It’s not until you stop and consider that every cobble set was hand-crafted before being laid that you really start to appreciate the engineering feat. The frequent twist and turns that are required to negotiate the topography only adds to its charm and makes it a photographer’s dream. For cyclists, the experience is a little different: cobbles, usually associated with Flemish roads, are neither easy to climb or descend. You could say this road is better to look at rather than to ride.
Gavia Pass’s slopes covered in snow (Michael Blann)
To cyclists, this climb is defined by one day during the 1988 Giro D’Italia when the race passed over it during a snowstorm. It was described as “the day strong men cried” and is considered by many cycling aficionados as the toughest day the pro peloton has ever endured on a bike.
By this point, the race for GC had boiled down to three riders: the Italian Franco Chioccioli, Dutchman Erik Breukink and the American Andy Hampsten. A showdown was expected on the Queen’s stage over the Gavia in the heart of the Dolomites. That morning, the riders woke up to dark clouds and rain in Selvino, a portent for far worse conditions on the higher grounds.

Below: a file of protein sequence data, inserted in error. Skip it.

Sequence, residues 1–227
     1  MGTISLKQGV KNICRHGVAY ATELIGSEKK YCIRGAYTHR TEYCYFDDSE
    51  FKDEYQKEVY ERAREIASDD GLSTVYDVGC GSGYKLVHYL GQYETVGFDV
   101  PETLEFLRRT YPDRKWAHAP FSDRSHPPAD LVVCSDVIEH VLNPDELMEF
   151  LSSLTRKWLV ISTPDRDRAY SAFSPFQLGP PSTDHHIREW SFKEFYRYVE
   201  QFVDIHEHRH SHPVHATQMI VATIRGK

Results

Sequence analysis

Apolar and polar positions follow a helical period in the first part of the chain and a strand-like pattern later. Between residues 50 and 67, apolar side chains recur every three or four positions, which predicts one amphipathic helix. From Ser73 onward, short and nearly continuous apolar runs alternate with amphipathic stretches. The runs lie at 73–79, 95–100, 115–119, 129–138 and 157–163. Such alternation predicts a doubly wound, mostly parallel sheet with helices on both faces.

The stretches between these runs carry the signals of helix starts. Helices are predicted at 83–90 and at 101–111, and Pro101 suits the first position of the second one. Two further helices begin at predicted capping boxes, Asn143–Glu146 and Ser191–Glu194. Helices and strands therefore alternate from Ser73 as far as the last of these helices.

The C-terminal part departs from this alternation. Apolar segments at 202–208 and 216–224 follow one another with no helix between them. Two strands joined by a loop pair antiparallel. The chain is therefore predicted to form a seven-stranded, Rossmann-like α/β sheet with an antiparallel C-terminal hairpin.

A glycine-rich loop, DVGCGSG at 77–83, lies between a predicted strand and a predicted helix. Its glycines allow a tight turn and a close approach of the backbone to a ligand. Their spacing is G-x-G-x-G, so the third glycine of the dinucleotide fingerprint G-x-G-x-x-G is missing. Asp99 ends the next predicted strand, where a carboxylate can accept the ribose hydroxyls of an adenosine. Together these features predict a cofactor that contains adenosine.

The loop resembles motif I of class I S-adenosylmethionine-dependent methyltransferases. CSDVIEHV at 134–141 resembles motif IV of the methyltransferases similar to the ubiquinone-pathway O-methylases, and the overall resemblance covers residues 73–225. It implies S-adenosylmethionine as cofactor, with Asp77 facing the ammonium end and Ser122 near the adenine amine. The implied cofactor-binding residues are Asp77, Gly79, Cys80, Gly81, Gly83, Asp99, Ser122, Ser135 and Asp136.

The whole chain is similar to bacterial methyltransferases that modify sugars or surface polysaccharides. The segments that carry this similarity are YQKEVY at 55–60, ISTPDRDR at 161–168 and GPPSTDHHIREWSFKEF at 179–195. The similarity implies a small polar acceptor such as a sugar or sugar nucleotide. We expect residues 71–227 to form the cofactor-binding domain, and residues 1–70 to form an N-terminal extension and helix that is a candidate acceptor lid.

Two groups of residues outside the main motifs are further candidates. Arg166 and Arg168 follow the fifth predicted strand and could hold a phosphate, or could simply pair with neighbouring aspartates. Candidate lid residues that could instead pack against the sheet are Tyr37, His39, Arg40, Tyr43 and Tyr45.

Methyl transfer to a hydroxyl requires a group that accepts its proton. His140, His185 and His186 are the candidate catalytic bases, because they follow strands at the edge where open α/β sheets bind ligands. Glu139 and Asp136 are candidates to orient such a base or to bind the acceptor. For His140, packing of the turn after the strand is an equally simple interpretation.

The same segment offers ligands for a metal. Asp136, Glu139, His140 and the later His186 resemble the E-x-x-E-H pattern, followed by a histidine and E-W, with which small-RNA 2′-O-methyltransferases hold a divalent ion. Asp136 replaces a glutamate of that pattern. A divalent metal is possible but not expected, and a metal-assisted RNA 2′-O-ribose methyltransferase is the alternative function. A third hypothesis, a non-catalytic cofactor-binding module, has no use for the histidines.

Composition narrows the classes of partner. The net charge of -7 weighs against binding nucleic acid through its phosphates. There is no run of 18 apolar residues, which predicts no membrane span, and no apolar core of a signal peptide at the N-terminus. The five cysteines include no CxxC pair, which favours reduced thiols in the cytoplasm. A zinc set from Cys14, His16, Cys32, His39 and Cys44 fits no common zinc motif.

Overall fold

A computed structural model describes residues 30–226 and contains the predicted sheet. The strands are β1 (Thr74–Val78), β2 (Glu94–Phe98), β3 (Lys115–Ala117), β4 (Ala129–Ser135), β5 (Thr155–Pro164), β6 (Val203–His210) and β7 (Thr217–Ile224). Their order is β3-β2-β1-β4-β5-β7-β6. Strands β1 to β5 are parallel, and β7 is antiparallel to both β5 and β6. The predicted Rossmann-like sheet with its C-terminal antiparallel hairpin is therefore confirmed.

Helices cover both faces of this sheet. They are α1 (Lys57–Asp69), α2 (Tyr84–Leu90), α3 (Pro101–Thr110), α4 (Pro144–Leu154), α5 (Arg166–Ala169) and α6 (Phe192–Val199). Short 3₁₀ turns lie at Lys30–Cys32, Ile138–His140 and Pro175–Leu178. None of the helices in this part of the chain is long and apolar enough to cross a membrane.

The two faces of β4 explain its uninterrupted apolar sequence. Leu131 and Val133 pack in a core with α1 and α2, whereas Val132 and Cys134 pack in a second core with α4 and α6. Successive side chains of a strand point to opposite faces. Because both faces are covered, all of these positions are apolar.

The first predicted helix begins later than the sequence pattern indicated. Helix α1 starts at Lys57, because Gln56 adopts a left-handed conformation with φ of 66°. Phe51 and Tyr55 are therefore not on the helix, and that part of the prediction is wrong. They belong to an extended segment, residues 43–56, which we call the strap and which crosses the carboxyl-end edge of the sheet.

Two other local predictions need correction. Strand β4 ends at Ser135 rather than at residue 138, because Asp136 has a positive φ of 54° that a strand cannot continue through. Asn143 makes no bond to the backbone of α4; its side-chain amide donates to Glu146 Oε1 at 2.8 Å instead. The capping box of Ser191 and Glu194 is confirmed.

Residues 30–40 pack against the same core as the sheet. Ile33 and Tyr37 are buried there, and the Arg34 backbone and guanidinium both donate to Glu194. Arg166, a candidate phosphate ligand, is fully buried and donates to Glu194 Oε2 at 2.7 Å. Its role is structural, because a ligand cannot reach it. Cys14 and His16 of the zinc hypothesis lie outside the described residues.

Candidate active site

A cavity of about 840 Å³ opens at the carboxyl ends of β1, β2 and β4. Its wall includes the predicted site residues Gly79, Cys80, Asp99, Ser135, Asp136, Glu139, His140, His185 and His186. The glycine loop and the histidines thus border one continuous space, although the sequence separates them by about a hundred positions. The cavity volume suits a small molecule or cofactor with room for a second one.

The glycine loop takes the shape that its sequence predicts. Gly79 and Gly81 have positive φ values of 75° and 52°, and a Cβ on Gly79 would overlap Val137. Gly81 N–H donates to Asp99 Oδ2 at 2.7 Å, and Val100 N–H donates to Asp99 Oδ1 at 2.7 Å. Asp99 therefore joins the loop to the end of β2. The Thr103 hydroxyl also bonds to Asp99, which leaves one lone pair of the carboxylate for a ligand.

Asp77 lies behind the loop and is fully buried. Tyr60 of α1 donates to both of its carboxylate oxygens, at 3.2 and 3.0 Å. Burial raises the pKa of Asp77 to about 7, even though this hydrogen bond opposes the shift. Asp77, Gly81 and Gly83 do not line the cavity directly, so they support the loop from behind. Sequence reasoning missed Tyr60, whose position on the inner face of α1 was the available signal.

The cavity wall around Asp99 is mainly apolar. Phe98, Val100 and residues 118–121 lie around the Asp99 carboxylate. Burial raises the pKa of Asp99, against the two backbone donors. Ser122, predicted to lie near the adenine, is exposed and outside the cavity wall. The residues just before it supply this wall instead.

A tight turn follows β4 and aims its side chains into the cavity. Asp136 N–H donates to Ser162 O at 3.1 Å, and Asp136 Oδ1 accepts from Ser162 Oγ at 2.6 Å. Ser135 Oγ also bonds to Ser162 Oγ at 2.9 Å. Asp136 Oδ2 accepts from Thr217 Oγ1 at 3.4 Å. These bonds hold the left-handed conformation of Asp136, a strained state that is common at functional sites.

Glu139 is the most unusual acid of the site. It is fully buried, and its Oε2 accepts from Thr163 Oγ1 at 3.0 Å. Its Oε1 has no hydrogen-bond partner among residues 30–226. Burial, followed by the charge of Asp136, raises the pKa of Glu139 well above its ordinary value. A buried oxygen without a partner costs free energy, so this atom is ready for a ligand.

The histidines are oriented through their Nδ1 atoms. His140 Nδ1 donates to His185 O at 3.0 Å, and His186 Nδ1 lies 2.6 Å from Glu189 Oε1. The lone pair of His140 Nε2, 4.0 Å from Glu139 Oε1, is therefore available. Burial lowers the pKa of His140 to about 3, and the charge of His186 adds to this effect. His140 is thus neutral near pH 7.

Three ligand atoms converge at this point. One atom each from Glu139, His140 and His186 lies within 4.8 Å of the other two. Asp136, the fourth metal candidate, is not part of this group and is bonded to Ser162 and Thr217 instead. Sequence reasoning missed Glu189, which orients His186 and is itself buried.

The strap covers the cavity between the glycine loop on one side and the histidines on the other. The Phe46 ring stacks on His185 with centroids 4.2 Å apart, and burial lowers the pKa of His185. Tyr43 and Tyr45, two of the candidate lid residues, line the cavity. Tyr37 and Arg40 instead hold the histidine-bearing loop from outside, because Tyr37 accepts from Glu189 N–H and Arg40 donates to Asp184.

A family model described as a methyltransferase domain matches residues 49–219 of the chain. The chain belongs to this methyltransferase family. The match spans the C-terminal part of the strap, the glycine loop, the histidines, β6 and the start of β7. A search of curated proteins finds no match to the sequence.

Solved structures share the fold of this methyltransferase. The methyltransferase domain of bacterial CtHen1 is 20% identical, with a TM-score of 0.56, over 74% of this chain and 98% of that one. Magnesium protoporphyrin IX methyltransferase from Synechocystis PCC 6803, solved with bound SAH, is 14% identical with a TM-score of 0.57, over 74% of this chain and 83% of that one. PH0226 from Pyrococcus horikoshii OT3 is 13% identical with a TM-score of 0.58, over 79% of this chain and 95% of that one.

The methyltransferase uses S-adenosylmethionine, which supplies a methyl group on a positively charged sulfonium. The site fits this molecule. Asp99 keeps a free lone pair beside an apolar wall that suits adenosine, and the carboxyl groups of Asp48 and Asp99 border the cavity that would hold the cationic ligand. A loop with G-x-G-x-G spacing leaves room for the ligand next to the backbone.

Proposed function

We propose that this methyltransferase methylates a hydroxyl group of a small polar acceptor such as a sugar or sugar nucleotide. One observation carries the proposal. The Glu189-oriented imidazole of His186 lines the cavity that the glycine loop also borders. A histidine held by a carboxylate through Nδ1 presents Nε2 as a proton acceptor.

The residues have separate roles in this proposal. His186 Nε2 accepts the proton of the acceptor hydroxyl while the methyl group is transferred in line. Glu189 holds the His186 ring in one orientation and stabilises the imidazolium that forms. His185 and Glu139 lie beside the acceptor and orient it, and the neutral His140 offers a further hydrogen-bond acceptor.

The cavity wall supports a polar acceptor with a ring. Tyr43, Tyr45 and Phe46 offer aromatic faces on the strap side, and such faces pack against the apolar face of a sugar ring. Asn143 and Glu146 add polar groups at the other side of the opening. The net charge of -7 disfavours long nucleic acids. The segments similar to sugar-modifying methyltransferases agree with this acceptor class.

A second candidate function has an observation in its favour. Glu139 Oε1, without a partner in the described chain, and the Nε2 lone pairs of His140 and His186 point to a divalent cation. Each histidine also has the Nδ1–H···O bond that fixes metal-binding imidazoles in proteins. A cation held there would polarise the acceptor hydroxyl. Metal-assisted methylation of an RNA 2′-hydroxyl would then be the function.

By the time they reached the bottom of the last climb, the Gavia, they were already frozen and snow was falling. Hampsten had grown up skiing and had prepared better than most, and wore a snood around his neck and thick ski gloves to keep out the cold. On the lower slopes he attacked and rode clear, and by the time he reached the upper gravel road, a blizzard had enveloped the race.
Riders became unrecognisable as snow covered their hair and torso. Getting to the finish was the only objective for most and there were reports of riders peeing on their hands to warm up their frozen fingers. With little support from team cars, riders descended without rain capes and were unable to steer or brake due to frozen limbs. Breukink won that stage, but Hampsten did enough to win the Giro and a place in history.
The images from the Gavia that day have defined the mountain and given it a place in cycling history. Even today when you climb the Gavia you enter it with a sense of foreboding.
As seen on the Heatheronhertravels.com